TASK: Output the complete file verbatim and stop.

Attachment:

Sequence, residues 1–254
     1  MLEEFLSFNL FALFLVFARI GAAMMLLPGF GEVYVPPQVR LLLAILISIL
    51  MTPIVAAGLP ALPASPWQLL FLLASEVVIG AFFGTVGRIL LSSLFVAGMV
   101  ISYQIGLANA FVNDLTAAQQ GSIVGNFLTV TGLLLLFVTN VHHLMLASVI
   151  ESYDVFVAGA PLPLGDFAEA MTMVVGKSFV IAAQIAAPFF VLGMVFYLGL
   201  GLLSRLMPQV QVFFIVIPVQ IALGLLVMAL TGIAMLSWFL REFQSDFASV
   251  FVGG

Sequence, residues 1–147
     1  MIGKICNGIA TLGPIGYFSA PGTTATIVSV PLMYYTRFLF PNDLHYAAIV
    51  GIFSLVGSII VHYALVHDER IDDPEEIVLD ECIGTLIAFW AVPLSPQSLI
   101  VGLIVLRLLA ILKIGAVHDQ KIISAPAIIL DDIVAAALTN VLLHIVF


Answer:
Sequence, residues 1–254
     1  MLEEFLSFNL FALFLVFARI GAAMMLLPGF GEVYVPPQVR LLLAILISIL
    51  MTPIVAAGLP ALPASPWQLL FLLASEVVIG AFFGTVGRIL LSSLFVAGMV
   101  ISYQIGLANA FVNDLTAAQQ GSIVGNFLTV TGLLLLFVTN VHHLMLASVI
   151  ESYDVFVAGA PLPLGDFAEA MTMVVGKSFV IAAQIAAPFF VLGMVFYLGL
   201  GLLSRLMPQV QVFFIVIPVQ IALGLLVMAL TGIAMLSWFL REFQSDFASV
   251  FVGG

Sequence, residues 1–147
     1  MIGKICNGIA TLGPIGYFSA PGTTATIVSV PLMYYTRFLF PNDLHYAAIV
    51  GIFSLVGSII VHYALVHDER IDDPEEIVLD ECIGTLIAFW AVPLSPQSLI
   101  VGLIVLRLLA ILKIGAVHDQ KIISAPAIIL DDIVAAALTN VLLHIVF